Colleen Carroll Campbell is talented: she can turn black into white. Campbell, a once-a-week columnist at the Post-Dispatch, spent this week’s column transforming the latest right wing legislative assault on abortion into a pro-choice document and pretending that those who oppose it are actually anti-choice.
Abortion-rights activists frequently accuse their pro-life adversaries of simplistic thinking and ideological rigidity. That charge made more sense 30 years ago, when proponents of legalized abortion brazenly claimed the mantle of defending women while opponents of abortion focused their rhetoric on the rights of the unborn. But that allegation has not aged well. And it is taking a particular beating right now in Missouri, as the state Legislature debates the merits of a proposed ban on coerced abortions.
In one corner of this legislative fight are the supposed anti-choice simpletons: legislators like Rep. Cynthia Davis and Rep. Bryan Pratt, the sponsors of House Bills 46 and 434, and Sen. Rob Mayer, sponsor of the corresponding Senate Bill 264.
Let’s see whether they’re simpletons or not.
In their legislation, “coercion” covers a broad range of possibilities, from threatening to kill the baby if it’s born, stalking the pregnant mother, threatening to fire the woman or revoke her scholarship, all the way to being manipulative.
[D]oes anyone want to defend the right of abusive or manipulative boyfriends, husbands, parents, employers and coaches to bully a woman into aborting her child because her pregnancy inconveniences them?
That sounds like a reasonable question. Am I in favor of men threatening to kill babies if they’re not aborted? Ooh, tough choice. Let’s see, let’s see. … Of course not!
Am I favor of jailing a man for saying to a pregnant woman: “Honey, I think you should have an abortion. I’ll pay for an abortion, but I don’t want to be a father.” Is that an implicit threat of abandonment? And should we send him to prison for being a manipulative bastard? Ooh, let’s see, let’s see … You have to be kidding.
The bill makes no distinctions. All the possible variants of coercion that it lists are treated as being equally evil. Seems a little, well, simplistic.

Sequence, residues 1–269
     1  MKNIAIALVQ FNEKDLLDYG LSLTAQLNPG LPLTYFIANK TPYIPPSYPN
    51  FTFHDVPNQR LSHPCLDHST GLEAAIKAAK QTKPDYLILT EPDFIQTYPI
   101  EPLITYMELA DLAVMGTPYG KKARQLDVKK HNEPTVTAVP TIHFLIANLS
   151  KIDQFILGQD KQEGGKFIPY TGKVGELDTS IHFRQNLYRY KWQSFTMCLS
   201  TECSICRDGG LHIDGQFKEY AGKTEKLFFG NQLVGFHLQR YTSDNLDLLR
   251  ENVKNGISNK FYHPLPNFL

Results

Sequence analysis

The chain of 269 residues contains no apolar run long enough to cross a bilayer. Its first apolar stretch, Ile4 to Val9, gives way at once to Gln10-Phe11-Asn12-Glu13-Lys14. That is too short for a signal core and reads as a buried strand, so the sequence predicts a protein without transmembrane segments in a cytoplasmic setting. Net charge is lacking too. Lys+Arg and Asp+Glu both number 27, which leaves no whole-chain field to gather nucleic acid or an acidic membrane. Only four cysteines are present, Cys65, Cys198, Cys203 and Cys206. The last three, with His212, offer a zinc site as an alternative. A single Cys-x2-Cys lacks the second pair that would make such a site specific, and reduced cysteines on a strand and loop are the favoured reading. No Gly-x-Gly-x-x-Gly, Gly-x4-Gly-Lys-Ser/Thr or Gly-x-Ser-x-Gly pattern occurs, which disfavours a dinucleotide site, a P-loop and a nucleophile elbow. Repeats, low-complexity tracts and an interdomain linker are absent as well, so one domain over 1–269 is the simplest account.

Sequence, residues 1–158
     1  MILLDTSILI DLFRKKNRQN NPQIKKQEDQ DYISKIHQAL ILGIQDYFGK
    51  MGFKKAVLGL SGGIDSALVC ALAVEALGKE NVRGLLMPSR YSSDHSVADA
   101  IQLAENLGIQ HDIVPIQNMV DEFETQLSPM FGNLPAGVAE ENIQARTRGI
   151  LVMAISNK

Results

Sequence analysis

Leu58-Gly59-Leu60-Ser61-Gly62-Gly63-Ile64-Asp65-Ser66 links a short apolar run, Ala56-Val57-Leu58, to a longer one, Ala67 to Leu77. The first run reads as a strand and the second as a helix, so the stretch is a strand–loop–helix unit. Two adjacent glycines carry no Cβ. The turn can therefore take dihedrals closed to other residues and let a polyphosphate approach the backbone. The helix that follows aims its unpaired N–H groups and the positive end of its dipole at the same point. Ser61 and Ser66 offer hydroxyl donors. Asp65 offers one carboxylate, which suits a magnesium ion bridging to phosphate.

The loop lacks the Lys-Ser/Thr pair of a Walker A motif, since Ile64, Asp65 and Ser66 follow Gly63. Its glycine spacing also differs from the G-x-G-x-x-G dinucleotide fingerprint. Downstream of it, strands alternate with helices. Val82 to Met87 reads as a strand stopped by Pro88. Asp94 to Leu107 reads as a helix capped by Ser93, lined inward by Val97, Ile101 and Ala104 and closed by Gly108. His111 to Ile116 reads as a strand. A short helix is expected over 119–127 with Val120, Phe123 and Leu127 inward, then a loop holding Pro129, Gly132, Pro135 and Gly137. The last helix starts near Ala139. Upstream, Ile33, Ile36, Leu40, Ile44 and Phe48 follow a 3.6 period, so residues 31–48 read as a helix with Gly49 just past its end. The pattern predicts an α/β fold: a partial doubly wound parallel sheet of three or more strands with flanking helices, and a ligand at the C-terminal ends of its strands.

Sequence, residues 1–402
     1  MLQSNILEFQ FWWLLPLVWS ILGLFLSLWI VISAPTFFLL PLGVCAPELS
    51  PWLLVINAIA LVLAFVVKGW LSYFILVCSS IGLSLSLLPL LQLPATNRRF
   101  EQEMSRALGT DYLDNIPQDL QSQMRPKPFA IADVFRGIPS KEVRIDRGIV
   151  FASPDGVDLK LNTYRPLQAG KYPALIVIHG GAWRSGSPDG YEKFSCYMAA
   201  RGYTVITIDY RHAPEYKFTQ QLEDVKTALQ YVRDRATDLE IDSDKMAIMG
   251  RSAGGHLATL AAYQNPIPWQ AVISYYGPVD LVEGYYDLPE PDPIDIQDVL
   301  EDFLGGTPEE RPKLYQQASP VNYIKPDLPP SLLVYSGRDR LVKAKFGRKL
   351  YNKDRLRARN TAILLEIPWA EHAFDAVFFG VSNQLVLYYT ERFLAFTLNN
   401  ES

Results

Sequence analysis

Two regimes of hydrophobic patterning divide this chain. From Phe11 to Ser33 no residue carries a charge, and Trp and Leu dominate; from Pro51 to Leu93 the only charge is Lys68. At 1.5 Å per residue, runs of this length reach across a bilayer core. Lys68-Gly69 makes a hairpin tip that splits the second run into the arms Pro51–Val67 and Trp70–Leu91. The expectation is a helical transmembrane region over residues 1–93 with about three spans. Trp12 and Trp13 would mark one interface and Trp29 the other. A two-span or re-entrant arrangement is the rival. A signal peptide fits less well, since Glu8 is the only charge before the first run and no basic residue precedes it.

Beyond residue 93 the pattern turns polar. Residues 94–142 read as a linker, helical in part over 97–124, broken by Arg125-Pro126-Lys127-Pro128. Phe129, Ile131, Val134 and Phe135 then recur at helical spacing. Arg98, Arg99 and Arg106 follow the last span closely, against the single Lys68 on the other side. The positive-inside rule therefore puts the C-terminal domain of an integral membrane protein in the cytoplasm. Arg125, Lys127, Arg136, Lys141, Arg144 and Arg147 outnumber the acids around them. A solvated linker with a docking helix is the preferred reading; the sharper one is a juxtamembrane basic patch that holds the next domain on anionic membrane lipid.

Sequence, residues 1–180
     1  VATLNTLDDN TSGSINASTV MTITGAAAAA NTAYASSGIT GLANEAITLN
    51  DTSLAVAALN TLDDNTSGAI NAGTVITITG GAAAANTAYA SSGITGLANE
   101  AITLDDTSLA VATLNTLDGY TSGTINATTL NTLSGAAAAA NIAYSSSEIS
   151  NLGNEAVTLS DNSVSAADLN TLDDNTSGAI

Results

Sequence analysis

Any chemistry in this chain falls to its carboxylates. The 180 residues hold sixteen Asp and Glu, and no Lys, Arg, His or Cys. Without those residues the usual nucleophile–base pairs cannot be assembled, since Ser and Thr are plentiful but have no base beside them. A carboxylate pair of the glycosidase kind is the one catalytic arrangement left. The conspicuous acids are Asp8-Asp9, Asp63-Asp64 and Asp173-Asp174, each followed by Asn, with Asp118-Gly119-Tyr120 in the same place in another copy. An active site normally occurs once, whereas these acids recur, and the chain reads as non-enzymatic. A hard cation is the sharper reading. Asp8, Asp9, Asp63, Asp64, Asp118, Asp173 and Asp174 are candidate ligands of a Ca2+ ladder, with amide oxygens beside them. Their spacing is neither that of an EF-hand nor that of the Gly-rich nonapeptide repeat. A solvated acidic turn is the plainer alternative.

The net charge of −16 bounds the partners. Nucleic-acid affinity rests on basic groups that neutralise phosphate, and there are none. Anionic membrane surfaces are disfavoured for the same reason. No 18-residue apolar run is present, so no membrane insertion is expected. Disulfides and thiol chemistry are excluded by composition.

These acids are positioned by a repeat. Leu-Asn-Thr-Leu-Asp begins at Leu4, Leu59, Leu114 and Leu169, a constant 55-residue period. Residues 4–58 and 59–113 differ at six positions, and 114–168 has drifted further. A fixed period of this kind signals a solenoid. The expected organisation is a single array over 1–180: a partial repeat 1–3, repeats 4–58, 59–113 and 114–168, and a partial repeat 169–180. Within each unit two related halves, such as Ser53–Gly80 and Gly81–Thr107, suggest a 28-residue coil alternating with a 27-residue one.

So sell the legislation as “choice” if you want to, Ms. Campbell, on account of how “educating” women–with junk science that claims abortions lead to breast cancer–makes their choice more meaningful:
The legislation also strengthens informed consent for a pregnant woman by mandating that she be offered an opportunity view an ultrasound of her baby before an abortion and requiring that she receive more complete information about alternatives to abortion.
Maybe you are in favor of some choices for women. That’s “maybe” with a very small “m”. But one thing is certain: you’re no fan of the Constitution and in particular of the First Amendment. When “Honey, I think you should have an abortion” becomes a felony, we might as well move to Afghanistan.
Oh, and by the way, the guy who allegedly advised an abortion might not have said it anyway. Unless he expressed his opinion on tape or before witnesses, how can anyone know whether he really said it or whether he’s just the victim of a pregnant woman who’s nursing some grudge? But in any case, expressing an opinion in favor of abortion is his constitutionally protected right to free speech. Think of me as an advocate of men’s rights.
And this lovely gloss of concern for women’s rights with which Campbell has painted herself turns as green as cheap jewelry anyway when you remember that this good Catholic woman espouses a religion that is a bulwark of sexism. Women may not be priests. Men run the whole shebang.
Admittedly, it’s inconvenient that I should point that out. It sort of ruins Campell’s whole Houdini-style presto chango act about who favors choice.
Not to mention exposing her as one of the simpletons.
Photo courtesy of the Post-Dispatch